Kanye West Proclaims Christ Is King: What to Make of Celebrity Conversions
- John Stonestreet BreakPoint
- 2019 1 Nov
“After everything that guy has said and all the selfish, power-hungry things he’s done, you expect me to believe he’s a Christian?”
“Seems awfully convenient for him to claim to find religion now… he still needs to answer for his past.”
“Plus, his political history makes it hard to believe this religious conversion is authentic. It’s probably just another ploy of an egomaniac …”
Celebrity conversions aren’t easy to navigate. In fact, the ongoing reaction to reports that Kanye West has been born again, is serious about his faith, and is even considering seminary, all in association with the title and content of his much-anticipated music project “Christ is King,” sounded more than vaguely familiar to those of us at the Colson Center.
After all, our founder also had a celebrity conversion over four decades ago, and while I don’t expect much of anything else about Kanye West to remind us of Chuck Colson, the reactions to this week’s news were, shall we say, familiar.
Still, of the many celebrity conversions we’ve seen over the years, this one seems different to me. Maybe it’s because it would be hard to identify a bigger, and more notorious, celebrity today than Kanye West. Or maybe it’s because part of his notoriety is due to a string of publicity stunts. Is it really that hard to believe that this is just another one?
No, it’s not. And therein lies the challenge. It wasn’t hard for Colson skeptics to note the suspicious timing between his conversion and the Watergate scandal, either. In fact, the Washington Post felt obliged to note their skepticism of Chuck Colson’s conversion over thirty-five years later, when they were reporting on his death.
There’s a world of difference, of course, between a skepticism that comes after three decades of faithfulness, and the concern many of us feel right now for the reputation of Christ and His church. This is definitely a time to be “wise as serpents” and “harmless as doves.” So what might that look like?
First, we should be hopeful. No one, no one, is beyond the reach of the Gospel? Any of us concerned about lost friends or family members pray like we believe that’s true. And here’s why we have this hope: The headline of the Kanye conversion story, and any conversion story, is not the convert but the converter. Not Kanye, but Christ! At the end of the day, I believe Christ can save Kanye for the same reason I believe Christ can save me.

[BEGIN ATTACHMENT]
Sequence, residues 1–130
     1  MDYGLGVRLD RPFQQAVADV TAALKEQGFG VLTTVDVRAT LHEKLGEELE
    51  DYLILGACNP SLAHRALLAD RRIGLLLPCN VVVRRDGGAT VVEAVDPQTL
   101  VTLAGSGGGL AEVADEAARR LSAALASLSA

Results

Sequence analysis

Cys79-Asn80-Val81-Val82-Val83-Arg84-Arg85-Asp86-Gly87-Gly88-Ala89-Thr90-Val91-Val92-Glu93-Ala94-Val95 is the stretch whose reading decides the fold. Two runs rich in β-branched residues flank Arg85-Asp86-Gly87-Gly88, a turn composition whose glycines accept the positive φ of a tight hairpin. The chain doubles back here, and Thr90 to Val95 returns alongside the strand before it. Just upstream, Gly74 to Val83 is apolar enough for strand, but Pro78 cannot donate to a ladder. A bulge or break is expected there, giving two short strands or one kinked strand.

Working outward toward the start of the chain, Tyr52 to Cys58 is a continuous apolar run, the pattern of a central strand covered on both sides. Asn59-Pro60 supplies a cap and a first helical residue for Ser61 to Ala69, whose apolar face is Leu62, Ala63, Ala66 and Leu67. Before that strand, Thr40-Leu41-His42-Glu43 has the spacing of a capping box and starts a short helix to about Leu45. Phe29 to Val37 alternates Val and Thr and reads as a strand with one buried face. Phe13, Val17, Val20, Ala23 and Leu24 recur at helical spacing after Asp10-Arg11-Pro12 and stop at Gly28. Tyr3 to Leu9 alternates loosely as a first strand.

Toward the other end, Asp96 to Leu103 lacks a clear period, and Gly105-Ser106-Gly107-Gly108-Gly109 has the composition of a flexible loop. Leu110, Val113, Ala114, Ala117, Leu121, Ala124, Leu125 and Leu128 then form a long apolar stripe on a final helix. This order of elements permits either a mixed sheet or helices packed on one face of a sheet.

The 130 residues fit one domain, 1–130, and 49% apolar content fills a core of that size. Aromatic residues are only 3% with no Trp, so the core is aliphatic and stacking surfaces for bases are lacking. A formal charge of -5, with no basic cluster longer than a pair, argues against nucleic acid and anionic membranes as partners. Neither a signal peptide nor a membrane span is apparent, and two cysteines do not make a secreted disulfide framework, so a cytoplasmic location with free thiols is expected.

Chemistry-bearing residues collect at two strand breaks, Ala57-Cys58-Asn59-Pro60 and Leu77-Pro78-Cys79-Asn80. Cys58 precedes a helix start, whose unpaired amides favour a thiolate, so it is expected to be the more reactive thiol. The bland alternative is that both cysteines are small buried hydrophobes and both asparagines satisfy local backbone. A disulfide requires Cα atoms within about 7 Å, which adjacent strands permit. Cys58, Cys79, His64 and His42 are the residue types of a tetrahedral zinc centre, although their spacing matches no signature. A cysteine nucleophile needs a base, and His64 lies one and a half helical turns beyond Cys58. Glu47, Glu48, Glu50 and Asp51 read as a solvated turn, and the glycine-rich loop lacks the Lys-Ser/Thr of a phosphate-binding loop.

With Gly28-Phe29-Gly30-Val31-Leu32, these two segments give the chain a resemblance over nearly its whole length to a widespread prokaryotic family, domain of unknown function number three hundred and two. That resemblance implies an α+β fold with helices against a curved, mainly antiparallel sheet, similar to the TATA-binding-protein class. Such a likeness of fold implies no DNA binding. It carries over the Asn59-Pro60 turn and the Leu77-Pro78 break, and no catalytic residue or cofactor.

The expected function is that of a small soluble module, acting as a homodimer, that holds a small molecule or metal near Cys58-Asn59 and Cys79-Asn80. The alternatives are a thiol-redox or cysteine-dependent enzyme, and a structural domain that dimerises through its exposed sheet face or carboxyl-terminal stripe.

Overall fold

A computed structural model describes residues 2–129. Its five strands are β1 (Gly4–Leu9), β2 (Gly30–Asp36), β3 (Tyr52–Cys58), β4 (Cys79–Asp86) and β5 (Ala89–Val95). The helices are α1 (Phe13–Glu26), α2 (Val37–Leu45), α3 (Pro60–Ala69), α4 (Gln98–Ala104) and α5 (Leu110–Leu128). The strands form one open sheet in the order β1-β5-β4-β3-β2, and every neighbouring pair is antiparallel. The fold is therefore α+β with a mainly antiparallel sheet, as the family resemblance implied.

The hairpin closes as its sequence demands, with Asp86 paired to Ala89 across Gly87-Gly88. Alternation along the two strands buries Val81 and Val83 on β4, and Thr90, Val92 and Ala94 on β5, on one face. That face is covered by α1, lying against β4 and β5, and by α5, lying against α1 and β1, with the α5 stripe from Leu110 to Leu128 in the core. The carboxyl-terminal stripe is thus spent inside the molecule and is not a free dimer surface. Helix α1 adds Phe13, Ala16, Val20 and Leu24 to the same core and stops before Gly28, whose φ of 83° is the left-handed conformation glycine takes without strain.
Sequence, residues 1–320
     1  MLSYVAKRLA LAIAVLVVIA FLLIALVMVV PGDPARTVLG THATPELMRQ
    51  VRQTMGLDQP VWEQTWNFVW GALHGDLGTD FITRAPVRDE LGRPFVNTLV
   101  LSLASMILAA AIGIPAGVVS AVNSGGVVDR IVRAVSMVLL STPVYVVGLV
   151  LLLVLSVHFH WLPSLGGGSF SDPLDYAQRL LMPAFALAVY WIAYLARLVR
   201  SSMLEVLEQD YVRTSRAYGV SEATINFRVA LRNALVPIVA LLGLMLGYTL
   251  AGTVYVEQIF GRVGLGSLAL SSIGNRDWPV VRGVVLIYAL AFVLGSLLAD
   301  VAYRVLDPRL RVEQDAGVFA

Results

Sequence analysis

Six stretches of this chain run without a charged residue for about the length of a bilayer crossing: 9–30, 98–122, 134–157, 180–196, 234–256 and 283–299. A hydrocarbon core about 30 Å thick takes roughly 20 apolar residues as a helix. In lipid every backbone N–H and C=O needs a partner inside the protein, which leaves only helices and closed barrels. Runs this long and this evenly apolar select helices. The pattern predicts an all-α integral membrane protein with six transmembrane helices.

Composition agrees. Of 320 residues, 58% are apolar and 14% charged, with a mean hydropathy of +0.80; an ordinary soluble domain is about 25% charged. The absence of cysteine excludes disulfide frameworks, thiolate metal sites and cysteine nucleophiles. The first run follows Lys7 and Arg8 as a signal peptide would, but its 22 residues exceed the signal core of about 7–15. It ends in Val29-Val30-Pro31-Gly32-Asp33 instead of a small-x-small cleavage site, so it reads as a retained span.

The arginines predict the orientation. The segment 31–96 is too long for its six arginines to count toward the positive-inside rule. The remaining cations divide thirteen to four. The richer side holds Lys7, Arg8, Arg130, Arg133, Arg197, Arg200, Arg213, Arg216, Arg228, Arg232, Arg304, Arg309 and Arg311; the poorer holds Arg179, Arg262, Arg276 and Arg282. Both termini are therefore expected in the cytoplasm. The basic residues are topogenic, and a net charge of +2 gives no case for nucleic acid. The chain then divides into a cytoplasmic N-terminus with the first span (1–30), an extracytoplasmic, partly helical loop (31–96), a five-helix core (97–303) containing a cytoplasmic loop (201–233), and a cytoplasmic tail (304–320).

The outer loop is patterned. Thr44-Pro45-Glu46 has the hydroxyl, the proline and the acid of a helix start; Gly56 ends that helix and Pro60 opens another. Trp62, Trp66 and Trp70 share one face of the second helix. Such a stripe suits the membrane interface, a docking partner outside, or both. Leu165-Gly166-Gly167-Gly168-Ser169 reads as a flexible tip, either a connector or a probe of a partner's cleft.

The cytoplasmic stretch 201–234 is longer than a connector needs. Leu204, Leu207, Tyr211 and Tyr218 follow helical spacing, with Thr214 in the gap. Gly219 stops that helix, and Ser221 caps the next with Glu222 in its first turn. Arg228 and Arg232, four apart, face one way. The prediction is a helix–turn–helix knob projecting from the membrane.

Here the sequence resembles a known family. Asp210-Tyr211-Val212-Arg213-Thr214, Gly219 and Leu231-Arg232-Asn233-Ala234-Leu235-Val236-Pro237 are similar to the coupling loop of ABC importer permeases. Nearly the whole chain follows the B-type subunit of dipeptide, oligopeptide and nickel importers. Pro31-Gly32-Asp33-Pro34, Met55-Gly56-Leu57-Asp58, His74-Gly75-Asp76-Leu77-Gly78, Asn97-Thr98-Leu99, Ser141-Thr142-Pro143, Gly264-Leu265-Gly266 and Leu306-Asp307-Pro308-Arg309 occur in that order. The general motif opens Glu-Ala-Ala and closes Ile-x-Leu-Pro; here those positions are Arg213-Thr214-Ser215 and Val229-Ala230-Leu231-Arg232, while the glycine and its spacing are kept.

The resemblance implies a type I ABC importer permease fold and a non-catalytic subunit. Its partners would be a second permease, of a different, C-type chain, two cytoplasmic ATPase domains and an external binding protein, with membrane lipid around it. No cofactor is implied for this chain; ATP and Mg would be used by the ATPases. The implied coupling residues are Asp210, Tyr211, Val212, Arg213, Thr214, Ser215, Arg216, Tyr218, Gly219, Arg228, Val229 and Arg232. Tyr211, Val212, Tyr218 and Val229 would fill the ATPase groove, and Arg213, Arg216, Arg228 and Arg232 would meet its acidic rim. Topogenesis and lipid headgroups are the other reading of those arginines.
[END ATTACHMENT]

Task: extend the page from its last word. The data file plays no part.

Second, we should be grateful. As St. Paul wrote, even if Christ is being proclaimed by someone of whom we are skeptical, Christ is still being proclaimed. And, in this case, it’s being proclaimed across popular culture in a way we’ve not seen in our lifetime. The message of Christ carries its own inherent strength and is not dependent (thank God) on the strength or stability of the messenger.
Third, we should be wise. There are two ways Christians have set up celebrity converts for failure. First, is by expecting too much too soon. I can think of more than one professional athlete or musician who came to Christ one week, only to be asked to preach the next week.
This foolish embrace of our cultural tendency toward celebrity worship has infected the church in so many ways, as evidenced by a generation of musicians and leaders in the church seeking to be famous and “have a platform” instead of being discipled and educated and obedient.
But there’s also the mistake of sitting back, waiting, and saying something like, “We’ll just see if they make it. If they do, we’ll accept them into the church.” The problem of that is, of course, no Christian can survive long without the church. We need the church. Kanye needs the church if his faith is to take root and continue to change his life.
One of the underreported but essential chapters in Chuck Colson’s story post-conversion was how he submitted to discipleship, the church, and biblical and theological training: From the earliest days in which believers in Washington D.C. embraced him to being theologically mentored by folks such as Carl Henry and Timothy George, to his lifelong commitment of simply going to church. In the same way, I’m encouraged by early reports of the voices speaking into Kanye and his new faith.
Finally, we should expect life change. Chuck Colson’s life change was dramatic, and the fruit followed. As he often put it, his entire worldview was changed by Christ. There are early and encouraging indications of changes in Kanye’s worldview, as well.
My prayer is that these are early indications of what will be a powerful lifelong witness—to the power of the Gospel. And that, like Chuck, Kanye will never be ashamed of it.
BreakPoint is a program of the Colson Center for Christian Worldview. BreakPoint commentaries offer incisive content people can't find anywhere else; content that cuts through the fog of relativism and the news cycle with truth and compassion. Founded by Chuck Colson (1931 – 2012) in 1991 as a daily radio broadcast, BreakPoint provides a Christian perspective on today's news and trends. Today, you can get it in written and a variety of audio formats: on the web, the radio, or your favorite podcast app on the go.
John Stonestreet is President of the Colson Center for Christian Worldview, and radio host of BreakPoint, a daily national radio program providing thought-provoking commentaries on current events and life issues from a biblical worldview. John holds degrees from Trinity Evangelical Divinity School (IL) and Bryan College (TN), and is the co-author of Making Sense of Your World: A Biblical Worldview.
Publication date: November 1, 2019
Photo courtesy: Getty Images/Jerritt Clark/Stringer